Since you asked for an intuitive answer, I can offer this:
The Fourier transform of any repeated function is the transform of the function itself as an envelope of impulses spaced at the repetition rate.
Why is this?
This is because any frequencies that are not integer harmonics of the base repetition rate cannot exist; if they did the resulting function could not repeat in that repetition interval!
The unique characteristic of the integer harmonics is that these are the only frequency components that will start at the exact same position at the start of the next repetition interval of the fundamental frequency.
To further add to this: I always found the following properties in my slide below interesting and useful, especially since they work both ways: when I don't have an intuitive view in one domain, I can often swap time and frequency as I do have an intuitive view in the other. For example the first property: if it is periodic in one domain, it must be discrete in the other (and vice versa). Above we talked about a waveform repeating in time, being discrete in frequency. The opposite view is a waveform that is discrete in time; it repeats in frequency (such as the spectrum after A/D conversion).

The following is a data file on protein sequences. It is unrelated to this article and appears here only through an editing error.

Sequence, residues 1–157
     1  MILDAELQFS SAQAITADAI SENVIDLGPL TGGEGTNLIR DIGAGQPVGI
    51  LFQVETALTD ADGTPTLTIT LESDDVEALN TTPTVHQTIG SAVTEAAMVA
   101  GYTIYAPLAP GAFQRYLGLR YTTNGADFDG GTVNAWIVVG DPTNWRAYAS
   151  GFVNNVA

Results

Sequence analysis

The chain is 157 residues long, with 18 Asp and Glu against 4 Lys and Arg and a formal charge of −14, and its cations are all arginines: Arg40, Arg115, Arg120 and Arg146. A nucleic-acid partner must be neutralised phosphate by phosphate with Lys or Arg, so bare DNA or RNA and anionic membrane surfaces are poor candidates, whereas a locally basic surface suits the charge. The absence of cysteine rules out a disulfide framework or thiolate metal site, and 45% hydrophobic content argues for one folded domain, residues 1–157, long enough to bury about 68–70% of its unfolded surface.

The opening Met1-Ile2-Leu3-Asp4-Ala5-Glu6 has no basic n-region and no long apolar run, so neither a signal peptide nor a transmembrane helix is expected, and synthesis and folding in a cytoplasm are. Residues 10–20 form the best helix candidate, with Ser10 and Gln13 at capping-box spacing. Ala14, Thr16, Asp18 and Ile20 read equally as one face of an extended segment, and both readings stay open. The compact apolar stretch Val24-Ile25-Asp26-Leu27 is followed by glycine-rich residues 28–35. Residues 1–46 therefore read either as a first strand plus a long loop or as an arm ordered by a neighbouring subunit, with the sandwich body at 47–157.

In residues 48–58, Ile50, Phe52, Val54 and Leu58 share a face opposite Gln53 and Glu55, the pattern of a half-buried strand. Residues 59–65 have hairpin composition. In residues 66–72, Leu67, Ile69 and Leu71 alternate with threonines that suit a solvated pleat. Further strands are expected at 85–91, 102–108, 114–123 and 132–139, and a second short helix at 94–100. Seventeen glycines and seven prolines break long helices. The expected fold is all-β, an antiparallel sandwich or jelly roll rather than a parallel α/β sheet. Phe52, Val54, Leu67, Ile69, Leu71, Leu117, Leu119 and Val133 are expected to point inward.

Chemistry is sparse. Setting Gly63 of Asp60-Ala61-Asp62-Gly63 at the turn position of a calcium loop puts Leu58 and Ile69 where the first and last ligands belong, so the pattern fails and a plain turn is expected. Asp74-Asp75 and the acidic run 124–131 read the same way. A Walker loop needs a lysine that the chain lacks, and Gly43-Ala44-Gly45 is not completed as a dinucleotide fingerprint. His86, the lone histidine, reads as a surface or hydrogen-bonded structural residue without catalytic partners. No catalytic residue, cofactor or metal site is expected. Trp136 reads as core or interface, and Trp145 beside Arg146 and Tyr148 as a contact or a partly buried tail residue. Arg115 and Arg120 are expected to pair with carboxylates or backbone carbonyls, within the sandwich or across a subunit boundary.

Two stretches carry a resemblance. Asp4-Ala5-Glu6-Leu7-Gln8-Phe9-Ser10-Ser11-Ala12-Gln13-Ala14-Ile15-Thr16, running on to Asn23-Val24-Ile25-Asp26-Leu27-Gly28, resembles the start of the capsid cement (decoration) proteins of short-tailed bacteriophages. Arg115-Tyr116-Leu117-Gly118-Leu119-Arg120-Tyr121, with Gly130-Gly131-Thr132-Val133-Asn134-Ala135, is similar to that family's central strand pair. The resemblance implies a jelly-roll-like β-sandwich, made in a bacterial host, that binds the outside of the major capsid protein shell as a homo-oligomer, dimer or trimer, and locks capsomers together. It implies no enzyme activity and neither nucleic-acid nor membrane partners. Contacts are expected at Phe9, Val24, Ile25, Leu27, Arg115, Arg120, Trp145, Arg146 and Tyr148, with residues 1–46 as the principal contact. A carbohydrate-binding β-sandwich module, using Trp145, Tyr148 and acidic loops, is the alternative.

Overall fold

As @MattL points out in the comments, there are cases where this won’t occur exactly as stated, such as shifting the discrete waveform in frequency (or in time) by an irrational amount (see example he have in the comments)—- in this case the waveform in the other domain appears to repeat, but it never actually does in a strict mathematical sense.